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Leaders of North and South Korea communicate via direct hotline!

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SEOUL: South Korea and North Korea today have set up a telephone line between their leaders, enabling direct dialogue between South Korean President Moon Jae-in and North Korean leader Kim Jong-un, who are also set to meet in person next week.

The direct hotline was established between Seoul’s presidential office Cheong Wa Dae and the office of North Korea’s state affairs commission, which is headed by Kim. Cheong Wa Dae officials have said direct communication between the countries’ leaders may help further ease tension on the Korean Peninsula, noting many cross-border conflicts between the two Koreas in the past may have partly been caused by misunderstanding or a lack of communication.

The Koreas technically remain at war as the 1950-53 Korean War ended with an armistice, not a peace treaty. The agreement on a new hotline, the first of its kind connecting the leaders of the two Koreas, came early last month when Moon’s top security adviser Chung Eui-yong traveled to Pyongyang for an unprecedented meeting with the North Korean leader.

There, Kim agreed to hold a bilateral summit with the South Korean president, as well as United States President Donald Trump.

The Moon-Kim meeting will be held next Friday. It is expected to be followed by the first-ever US-North Korea summit in May or early June. The upcoming inter-Korean summit will be the third of its kind after two summits held in 2000 and 2007.

It will be held on the South Korean side of the joint security area inside the heavily-fortified demilitarized zone that divides the two Koreas, making Kim the first North Korean leader to step on South Korean soil since the end of the Korean War.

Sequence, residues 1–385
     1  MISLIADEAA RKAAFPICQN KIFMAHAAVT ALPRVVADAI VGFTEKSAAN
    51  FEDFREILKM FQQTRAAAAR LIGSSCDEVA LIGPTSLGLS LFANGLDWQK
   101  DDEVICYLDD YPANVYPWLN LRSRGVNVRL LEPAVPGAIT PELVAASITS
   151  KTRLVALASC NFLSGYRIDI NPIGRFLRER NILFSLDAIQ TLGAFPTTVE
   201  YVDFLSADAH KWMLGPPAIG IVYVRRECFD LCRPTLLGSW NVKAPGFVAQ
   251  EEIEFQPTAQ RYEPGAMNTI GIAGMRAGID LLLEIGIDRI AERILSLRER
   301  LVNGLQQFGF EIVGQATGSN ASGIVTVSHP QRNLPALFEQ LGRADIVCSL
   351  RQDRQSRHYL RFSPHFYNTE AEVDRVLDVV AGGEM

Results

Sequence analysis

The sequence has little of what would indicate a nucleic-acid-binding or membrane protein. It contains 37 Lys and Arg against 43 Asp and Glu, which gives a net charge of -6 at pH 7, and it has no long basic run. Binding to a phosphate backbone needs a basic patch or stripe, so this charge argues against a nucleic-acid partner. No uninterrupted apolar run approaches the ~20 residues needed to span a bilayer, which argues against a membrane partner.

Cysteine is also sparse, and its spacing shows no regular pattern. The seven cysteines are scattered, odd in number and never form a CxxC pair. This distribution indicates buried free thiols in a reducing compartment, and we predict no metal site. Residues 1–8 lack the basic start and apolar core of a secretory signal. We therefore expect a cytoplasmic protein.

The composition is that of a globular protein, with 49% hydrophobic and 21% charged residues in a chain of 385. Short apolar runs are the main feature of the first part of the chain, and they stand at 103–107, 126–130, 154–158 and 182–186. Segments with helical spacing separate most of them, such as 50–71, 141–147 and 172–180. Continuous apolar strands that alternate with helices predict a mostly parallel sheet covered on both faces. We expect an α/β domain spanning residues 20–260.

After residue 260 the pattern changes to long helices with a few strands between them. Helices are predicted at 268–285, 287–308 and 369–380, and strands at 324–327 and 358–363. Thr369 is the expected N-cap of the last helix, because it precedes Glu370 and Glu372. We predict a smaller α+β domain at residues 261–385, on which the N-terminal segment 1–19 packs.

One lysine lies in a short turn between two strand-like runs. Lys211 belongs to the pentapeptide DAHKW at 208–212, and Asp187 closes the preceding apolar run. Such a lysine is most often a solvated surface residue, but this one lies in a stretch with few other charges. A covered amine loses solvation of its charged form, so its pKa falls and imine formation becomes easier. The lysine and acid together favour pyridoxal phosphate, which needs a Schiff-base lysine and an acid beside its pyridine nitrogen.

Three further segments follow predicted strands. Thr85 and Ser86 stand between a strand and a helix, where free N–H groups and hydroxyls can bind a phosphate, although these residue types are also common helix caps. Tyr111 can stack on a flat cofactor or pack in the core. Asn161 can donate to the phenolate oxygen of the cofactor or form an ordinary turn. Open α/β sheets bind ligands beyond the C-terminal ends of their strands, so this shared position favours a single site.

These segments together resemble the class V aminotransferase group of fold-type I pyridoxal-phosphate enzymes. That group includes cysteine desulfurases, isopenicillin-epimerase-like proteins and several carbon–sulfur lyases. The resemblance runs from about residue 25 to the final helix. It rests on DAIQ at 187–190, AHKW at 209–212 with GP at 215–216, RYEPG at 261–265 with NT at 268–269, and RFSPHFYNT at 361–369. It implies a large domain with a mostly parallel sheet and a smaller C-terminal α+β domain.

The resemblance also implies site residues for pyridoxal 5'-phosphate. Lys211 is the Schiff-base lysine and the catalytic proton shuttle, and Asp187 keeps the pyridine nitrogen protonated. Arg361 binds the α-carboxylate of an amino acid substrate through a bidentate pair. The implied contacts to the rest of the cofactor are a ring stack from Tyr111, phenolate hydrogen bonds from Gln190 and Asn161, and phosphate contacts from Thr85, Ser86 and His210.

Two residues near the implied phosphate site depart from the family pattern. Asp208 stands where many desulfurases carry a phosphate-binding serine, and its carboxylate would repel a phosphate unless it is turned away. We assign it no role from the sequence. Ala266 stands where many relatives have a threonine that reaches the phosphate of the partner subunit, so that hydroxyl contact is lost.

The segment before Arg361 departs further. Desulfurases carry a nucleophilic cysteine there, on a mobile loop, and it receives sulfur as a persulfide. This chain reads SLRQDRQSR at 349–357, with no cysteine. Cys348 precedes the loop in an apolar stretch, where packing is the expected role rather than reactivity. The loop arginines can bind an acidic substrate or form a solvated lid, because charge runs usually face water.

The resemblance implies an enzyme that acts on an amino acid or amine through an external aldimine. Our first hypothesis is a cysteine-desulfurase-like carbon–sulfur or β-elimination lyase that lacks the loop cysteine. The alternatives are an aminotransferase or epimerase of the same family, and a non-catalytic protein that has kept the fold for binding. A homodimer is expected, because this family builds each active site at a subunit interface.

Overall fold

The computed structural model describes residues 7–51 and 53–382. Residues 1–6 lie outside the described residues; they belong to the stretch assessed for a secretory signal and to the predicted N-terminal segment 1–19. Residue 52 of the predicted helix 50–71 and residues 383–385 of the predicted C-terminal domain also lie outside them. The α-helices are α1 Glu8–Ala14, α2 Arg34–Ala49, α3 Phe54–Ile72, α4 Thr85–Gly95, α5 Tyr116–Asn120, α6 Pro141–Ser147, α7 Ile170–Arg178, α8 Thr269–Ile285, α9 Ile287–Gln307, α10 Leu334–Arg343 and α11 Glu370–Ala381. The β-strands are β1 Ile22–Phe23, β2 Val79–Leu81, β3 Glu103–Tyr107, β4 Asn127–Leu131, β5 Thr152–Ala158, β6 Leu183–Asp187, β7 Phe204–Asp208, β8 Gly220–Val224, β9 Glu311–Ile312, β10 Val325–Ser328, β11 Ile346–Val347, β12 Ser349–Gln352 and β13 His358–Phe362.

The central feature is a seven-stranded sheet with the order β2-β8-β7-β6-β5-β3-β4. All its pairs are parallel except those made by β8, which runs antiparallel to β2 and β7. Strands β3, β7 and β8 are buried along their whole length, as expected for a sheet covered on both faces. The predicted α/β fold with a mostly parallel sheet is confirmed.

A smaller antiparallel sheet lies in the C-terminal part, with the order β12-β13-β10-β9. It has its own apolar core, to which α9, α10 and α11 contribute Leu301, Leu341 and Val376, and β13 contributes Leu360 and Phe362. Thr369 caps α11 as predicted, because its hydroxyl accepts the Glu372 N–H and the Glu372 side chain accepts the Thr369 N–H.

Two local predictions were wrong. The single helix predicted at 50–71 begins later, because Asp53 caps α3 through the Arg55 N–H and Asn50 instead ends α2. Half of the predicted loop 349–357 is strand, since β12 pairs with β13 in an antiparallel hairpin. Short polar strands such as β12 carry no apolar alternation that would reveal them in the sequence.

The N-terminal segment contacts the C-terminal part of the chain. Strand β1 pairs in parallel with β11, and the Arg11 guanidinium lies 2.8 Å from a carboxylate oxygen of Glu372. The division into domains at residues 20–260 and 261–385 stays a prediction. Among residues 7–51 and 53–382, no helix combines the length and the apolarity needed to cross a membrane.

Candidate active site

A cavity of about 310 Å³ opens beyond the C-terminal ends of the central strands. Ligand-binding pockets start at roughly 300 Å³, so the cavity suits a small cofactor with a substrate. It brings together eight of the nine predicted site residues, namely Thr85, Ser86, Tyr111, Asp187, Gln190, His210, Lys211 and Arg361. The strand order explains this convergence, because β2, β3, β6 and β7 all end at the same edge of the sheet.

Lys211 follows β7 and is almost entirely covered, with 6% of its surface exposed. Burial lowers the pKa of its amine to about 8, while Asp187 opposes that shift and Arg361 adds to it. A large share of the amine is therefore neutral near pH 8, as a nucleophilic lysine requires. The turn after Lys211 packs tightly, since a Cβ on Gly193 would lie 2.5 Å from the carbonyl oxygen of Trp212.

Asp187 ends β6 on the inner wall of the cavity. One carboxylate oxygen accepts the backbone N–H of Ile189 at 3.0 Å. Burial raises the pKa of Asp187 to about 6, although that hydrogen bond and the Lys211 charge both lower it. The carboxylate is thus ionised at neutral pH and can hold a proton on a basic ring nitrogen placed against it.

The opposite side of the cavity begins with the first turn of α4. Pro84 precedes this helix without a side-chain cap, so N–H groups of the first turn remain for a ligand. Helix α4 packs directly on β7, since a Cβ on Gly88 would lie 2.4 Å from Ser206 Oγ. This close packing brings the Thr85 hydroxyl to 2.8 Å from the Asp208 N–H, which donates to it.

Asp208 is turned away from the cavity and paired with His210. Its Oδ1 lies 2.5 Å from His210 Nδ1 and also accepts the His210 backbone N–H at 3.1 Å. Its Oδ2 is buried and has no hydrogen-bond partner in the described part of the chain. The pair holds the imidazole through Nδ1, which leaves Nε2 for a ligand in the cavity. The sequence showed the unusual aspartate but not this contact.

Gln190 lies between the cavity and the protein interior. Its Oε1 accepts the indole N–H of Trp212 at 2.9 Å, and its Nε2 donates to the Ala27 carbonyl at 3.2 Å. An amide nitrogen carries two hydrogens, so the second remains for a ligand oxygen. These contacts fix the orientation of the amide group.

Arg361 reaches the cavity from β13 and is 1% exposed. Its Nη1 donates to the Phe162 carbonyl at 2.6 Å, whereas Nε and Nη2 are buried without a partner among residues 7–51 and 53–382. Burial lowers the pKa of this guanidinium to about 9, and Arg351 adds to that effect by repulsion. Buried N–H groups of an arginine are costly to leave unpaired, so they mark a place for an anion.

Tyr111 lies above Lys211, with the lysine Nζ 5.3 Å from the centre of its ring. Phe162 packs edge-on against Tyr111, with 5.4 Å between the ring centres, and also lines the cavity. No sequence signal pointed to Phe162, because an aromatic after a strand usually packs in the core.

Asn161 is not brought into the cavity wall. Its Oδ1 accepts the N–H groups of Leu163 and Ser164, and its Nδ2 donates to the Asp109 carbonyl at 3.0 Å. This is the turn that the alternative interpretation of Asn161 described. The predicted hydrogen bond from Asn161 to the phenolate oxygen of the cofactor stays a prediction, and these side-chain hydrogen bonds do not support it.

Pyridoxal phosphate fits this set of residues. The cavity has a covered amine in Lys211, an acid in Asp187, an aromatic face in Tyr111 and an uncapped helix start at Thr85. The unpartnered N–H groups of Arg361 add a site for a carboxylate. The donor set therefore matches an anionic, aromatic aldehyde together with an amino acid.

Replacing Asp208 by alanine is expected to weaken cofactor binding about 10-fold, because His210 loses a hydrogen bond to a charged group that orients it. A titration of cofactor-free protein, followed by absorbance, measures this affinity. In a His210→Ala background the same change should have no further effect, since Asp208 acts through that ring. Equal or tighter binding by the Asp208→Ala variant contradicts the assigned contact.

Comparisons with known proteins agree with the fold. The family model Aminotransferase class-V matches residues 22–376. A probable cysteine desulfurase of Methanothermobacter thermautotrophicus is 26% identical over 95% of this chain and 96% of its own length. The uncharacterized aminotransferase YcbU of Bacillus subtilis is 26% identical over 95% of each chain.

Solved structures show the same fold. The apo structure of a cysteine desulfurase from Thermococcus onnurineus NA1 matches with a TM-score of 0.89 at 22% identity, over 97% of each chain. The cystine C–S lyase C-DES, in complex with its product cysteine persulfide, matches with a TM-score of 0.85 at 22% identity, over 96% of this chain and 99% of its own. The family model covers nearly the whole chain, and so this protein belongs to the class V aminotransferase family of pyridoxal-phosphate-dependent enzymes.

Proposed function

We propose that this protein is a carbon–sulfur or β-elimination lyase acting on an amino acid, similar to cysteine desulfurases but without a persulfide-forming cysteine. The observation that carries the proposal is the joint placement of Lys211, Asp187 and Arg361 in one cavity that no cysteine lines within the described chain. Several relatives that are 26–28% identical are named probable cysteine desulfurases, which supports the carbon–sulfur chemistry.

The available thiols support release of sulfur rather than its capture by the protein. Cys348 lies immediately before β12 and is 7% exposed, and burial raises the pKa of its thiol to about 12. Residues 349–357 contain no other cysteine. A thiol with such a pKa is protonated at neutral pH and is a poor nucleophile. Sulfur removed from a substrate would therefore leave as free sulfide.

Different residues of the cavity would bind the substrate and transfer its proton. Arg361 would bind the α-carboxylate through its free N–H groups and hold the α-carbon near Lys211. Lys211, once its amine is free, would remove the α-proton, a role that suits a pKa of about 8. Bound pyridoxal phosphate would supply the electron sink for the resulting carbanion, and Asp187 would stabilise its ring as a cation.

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S. Korea protests Japanese officials’ visit to controversial war shrine

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SEOUL: South Korea today protested a group of high-level Japanese officials’ visit to a historically controversial war shrine that honors Japanese World War II criminals.

A group of 76 high-ranking government officials and lawmakers visited Yasukuni Shrine in the morning and paid respects ahead of the shrine’s annual traditional spring rituals to honor the gods enshrined there.

The group included State Minister for Foreign Affairs Masahisa Sato and Shinsuke Okuno, state minister for internal affairs and communications, according to Kyodo News.

Prime Minister Shinzo Abe reportedly did not send a ritual offering to the shrine despite his regular offerings to the shrine in the past that triggered angry backlash from Seoul.

“It is our government’s basic position that a visit to the Yasukuni Shrine cannot be justified under any circumstance since it is a symbolic structure glorifying Japan’s past colonial rule and aggression,” an official at the Ministry of Foreign Affairs in Seoul said.

Seoul “calls on Japan to recover the trust of its neighboring countries on the basis of humble self-reflection and repentance for its history,” the official said.